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Inter-Jurisdictional Competition for Firms

  • Robin Boadway

    (Queen's University, Canada)

  • Katherine Cuff

    (McMaster University, Canada)

  • Nicolas Marceau

    (UniversitÈ du QuÈbec ý MontrÈal, Canada)

Regions inhabited with an immobile population of disabled and able individuals compete to attract mobile firms that provide jobs. The redistributive goal of regional governments is to support the disabled, who cannot work. Able individuals may work, be involuntary unemployed because of frictions in the labor market, or choose to be voluntary unemployed. Labor force participation decisions depend on regional redistributive policies. Both the size of workforce and tax on firms affect profits and therefore, firms' location decisions. Allowing regions to engage in tax competition may be efficient. If regions cannot tax firms, they compete by implementing inefficient redistributive policies. Copyright Economics Department of the University of Pennsylvania and the Osaka University Institute of Social and Economic Research Association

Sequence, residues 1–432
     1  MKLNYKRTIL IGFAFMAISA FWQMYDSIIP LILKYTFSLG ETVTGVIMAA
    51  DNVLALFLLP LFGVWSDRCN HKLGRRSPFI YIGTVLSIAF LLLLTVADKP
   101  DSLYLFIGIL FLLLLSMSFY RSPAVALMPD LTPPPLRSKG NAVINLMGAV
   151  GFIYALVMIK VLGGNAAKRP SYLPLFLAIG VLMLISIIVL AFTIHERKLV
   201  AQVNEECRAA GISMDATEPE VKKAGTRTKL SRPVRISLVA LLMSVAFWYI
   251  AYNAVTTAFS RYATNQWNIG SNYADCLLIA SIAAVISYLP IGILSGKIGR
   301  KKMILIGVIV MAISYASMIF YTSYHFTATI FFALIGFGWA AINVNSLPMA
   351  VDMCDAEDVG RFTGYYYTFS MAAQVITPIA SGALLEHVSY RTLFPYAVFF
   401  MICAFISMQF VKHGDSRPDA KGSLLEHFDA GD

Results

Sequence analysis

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Article provided by Department of Economics, University of Pennsylvania and Osaka University Institute of Social and Economic Research Association in its journal International Economic Review.

Volume (Year): 43 (2002)
Issue (Month): 3 (August)
Pages: 761-782

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Handle: RePEc:ier:iecrev:v:43:y:2002:i:3:p:761-782
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